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... you have one year to pass the code. But by then the code reqiurement should be gone. Then you will not need to take the code test.

I've not been following this development. The code requirement is expected to go away?

Just for General bands or for all amateur bands?

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I've not been following this development. The code requirement is expected to go away?

Just for General bands or for all amateur bands?

All bands. The international treaty that required that all ham on 50MHz (or was it 30MHz) and below know Morse Code is no longer there. Many other countries have already dropped the requirement. All that's left if FCC rules and that's being reviewed.

 

I believe the odds are very strong that either the code will be dropped completely or that it will only be retrained for the highest license.

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... you have one year to pass the code. But by then the code reqiurement should be gone. Then you will not need to take the code test.

I've not been following this development. The code requirement is expected to go away?

Just for General bands or for all amateur bands?

 

The ARRL has proposed:

To drop the code requirement for all but the extra class.

Reintroduce the Novice as an entry level no-code limited HF + VHF and UHF license.

Current techs and tech plus moved to general class, with no additional testing.

Extra class- no changes.

 

Proposed changes to the licensing structure can be found on the ARRL website here: (news story: ARRL to Propose New Entry-Level License, Code-Free HF Access)

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If you can handle the theory, don't let the code keep you from getting your extra. IMO, 5wpm isn't a very high bar, it's practially just being able to recognize the characters.

 

73 DE W7APD

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The license exams were proposed, but have gone no where since. I thought about waiting until I heard a definitive answer. I think it will be a long wait and went ahead and bought a CD for CW and the current General license.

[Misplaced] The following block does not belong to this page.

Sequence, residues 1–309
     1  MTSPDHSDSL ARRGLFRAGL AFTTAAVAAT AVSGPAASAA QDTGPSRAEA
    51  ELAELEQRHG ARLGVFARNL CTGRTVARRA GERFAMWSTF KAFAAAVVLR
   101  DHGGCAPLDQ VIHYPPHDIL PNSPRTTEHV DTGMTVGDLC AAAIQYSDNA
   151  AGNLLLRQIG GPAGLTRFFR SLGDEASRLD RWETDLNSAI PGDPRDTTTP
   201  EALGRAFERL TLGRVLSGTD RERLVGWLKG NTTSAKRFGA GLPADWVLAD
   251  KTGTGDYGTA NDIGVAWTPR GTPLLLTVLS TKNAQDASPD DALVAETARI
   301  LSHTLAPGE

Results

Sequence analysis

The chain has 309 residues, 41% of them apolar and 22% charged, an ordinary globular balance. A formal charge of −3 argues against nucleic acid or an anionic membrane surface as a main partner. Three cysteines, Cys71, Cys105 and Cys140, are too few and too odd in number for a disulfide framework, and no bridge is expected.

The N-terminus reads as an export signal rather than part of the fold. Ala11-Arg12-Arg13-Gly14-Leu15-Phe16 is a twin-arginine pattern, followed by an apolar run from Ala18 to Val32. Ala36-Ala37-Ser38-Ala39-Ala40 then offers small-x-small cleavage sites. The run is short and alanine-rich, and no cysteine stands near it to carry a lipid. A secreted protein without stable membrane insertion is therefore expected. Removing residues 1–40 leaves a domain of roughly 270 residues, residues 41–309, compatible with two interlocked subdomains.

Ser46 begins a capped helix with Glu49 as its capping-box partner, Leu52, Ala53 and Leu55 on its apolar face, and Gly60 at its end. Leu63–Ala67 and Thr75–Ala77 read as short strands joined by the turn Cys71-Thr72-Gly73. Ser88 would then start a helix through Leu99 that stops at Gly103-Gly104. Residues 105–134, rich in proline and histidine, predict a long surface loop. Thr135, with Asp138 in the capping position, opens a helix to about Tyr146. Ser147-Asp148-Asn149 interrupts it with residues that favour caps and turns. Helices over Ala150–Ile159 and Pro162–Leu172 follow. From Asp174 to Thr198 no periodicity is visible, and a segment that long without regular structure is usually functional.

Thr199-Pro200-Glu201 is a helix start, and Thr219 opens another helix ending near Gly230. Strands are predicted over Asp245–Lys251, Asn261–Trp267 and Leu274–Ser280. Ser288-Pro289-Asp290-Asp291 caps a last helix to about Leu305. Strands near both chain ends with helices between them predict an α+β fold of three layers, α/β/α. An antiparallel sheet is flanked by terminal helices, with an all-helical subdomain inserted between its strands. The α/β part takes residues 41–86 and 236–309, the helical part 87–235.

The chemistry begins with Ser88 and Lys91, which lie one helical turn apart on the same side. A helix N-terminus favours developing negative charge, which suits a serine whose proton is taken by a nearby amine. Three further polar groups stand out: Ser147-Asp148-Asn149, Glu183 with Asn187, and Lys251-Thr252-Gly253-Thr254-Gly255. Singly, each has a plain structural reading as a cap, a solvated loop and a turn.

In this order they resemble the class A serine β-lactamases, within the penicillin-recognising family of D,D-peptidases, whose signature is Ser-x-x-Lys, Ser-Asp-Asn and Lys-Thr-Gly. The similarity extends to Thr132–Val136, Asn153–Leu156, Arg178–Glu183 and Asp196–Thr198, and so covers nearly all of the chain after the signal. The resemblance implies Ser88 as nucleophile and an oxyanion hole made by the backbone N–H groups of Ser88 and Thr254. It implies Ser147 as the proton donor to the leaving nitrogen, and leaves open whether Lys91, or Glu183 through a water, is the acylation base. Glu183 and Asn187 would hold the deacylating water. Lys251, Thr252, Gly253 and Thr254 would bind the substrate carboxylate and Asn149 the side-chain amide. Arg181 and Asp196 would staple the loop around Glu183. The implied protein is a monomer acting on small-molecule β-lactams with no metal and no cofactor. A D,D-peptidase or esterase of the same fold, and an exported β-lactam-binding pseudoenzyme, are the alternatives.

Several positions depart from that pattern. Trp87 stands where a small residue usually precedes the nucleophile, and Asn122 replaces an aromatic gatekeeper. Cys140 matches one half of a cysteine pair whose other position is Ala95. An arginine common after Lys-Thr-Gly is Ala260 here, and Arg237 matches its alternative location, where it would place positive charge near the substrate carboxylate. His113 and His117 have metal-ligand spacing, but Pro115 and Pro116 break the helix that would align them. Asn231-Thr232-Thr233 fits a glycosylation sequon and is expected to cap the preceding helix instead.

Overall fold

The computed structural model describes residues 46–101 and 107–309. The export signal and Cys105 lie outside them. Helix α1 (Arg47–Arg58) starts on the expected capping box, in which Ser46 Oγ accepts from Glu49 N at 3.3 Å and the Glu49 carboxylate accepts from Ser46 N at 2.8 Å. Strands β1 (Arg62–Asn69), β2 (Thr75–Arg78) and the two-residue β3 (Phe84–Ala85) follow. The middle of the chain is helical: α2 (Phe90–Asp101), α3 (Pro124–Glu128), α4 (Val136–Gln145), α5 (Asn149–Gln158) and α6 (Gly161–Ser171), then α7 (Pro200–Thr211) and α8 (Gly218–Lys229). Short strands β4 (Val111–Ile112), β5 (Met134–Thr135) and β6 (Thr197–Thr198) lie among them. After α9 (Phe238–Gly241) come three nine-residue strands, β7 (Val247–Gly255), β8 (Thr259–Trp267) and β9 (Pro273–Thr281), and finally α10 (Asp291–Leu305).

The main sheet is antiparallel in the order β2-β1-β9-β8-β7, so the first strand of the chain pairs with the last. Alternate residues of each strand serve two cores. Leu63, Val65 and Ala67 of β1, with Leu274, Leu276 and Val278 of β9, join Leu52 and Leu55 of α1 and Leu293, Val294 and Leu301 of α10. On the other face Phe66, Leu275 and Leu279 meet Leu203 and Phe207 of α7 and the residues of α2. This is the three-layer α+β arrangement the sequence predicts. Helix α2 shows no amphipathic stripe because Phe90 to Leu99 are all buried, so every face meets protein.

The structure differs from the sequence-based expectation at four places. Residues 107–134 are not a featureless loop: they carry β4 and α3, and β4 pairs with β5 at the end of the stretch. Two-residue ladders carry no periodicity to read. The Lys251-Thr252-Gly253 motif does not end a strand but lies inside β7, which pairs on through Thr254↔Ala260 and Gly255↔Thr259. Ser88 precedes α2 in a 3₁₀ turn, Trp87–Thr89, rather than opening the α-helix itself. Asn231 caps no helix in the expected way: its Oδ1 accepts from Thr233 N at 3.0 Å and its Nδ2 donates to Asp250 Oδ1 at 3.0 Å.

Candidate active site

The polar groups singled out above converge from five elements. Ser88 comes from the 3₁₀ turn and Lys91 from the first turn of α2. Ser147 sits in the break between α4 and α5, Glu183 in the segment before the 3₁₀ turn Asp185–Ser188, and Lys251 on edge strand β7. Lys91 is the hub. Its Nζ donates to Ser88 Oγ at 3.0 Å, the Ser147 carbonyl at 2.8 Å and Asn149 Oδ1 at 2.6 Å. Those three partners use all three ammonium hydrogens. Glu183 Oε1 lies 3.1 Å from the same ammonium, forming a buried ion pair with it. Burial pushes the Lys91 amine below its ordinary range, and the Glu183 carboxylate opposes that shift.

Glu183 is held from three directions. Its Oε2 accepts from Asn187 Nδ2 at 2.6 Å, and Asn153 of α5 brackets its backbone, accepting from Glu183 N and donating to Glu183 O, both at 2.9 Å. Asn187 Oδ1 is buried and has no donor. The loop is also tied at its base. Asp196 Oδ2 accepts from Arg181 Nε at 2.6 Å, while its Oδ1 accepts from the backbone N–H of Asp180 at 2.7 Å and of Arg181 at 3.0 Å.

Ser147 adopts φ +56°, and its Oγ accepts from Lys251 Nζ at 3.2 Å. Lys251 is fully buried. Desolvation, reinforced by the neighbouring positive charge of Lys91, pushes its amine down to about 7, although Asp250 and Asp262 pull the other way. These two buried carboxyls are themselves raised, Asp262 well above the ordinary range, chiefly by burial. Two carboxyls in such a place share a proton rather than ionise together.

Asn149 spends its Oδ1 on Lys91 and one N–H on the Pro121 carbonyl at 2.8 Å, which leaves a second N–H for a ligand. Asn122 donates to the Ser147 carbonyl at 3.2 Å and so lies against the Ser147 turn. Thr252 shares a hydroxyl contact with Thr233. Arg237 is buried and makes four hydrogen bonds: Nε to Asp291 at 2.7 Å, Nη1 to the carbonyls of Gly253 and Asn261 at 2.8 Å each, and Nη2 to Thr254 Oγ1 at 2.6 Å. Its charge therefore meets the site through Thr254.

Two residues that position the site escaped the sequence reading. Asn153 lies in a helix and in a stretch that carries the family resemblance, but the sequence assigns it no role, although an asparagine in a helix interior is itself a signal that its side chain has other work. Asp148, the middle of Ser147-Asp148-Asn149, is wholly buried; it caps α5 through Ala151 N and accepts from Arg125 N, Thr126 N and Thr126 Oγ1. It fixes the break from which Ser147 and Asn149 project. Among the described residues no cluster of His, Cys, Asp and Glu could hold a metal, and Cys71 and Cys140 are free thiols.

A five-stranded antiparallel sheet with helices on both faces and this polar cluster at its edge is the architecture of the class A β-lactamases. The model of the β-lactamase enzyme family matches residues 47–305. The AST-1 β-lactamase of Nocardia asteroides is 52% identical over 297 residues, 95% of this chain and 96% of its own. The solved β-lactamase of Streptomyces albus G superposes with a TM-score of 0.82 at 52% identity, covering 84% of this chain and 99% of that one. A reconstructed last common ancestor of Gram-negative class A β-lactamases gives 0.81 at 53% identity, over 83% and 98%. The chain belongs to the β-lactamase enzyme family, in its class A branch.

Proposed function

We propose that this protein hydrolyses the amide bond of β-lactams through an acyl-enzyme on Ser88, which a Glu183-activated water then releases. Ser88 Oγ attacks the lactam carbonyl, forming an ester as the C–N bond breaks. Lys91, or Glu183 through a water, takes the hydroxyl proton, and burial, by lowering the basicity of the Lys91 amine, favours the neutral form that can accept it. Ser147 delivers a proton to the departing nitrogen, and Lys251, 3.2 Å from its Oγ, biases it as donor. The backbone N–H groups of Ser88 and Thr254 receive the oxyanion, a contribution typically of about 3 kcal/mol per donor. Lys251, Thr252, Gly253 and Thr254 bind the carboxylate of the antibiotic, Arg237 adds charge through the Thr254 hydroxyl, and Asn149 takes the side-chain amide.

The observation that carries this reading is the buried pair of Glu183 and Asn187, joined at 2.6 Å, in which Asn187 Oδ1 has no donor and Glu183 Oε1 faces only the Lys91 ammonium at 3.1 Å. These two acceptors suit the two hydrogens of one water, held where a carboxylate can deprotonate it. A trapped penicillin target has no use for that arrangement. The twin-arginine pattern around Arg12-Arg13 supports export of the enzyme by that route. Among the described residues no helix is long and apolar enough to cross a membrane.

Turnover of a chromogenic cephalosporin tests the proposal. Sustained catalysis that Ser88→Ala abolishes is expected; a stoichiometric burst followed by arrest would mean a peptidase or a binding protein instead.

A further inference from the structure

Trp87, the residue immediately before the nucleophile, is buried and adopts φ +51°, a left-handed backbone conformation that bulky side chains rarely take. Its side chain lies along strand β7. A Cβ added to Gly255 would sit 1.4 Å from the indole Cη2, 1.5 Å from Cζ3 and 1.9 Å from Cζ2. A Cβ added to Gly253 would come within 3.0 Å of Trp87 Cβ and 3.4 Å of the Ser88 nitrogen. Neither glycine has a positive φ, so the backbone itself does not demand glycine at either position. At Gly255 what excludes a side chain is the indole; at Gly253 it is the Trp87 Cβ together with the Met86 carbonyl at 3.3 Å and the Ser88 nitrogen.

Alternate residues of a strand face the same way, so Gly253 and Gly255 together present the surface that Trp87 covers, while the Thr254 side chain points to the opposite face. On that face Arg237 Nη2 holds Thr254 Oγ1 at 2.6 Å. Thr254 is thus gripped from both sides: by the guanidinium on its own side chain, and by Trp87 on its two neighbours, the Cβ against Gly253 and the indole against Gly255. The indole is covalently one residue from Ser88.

Going from the Tech exam this spring to the General now is a big jump. I don't see a good way to get the content of the current General license into either the "Novice/Tech" or the AE exam without really pushing the difficulty of either way up.

 

From talking with the Dx'ers at field day, if you want to to anything close to QRP you need CW anyway.

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If you do get so lucky as to become entranced with the beauty of code and QRP, you'll immediately realize that 5 wpm really makes communication almost impossible (only necesary in extremely bad conditions). Even 10 wpm is easy once you get going, and then you can actually start to chat.

 

If you do pursue code, whatever you do, DO NOT EVER LOOK AT PRINTED "CODE"! As in a drawn dash & dot. It'll corrupt you faster than Hugh Heffner. Code hasn't been a printed language since shortly after Morse invented it, and it will hamper you greatly if you try to visualize it. Also, whether you use a Farnsworth, Koch or what/whomever's method, listen to the characters at a 15 or 20, even 25 wpm rate, just have longer spacing between characters to bring the effective speed down to your learning level. That way, you'll learn the actual sound of the character, and not start counting the dits & dahs. The characters will still sound identical as you increase your speed, just the spacing becomes shorter.

 

If I had known these 2 tricks when I learned the code 20 years ago, I'd be much better off now. Due to lack of radio time, I tend to hover around 15 wpm, but did get my Extra in 1999 when the speed was still 20 wpm.

 

Best of luck, and 73

 

Mike, KW1ND

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The license exams were proposed, but have gone no where since.  I thought about waiting until I heard a definitive answer.  I think it will be a long wait and went ahead and bought a CD for CW and the current General license.

 

Going from the Tech exam this spring to the General now is a big jump.  I don't see a good way to get the content of the current General license into either the "Novice/Tech" or the AE exam without really pushing the difficulty of either way up.

 

From talking with the Dx'ers at field day, if you want to to anything close to QRP you need CW anyway.

Not necessarily true.

Admittedly, most of the QRP traffic is in CW, but my first HF radio was a PSK-20 from Small Wonder Labs. The PSK-20 is a kit rig designed specifically for PSK-31 use on the 20 meter PSK frequency (14.070 USB, though the radio is actually 14.073 LSB - PSK is not polarity-sensitive). It plugs into a COM port and the sound card on your PC, and has a maximum output of about 3 watts.

 

Using my PSK-20 and an attic-mounted dipole aimed mainly north-south (from my QTH in Tallahassee, FL), I have been able to work everything from Brazil to the south, up the east coast to northeastern Canada, to one really great night when I got Russia, France, Germany, Romania, and the Czech Republic - all on 3 watts out.

 

I have since upgraded bot the radio and the antenna (now running an Icom IC-718 into 200 feet of wire in the treetops), but I still enjoy turning down the power and running low-power PSK-31, mainly on 20 meters. It's amazing how far a PSK signal will go on just a handful of watts.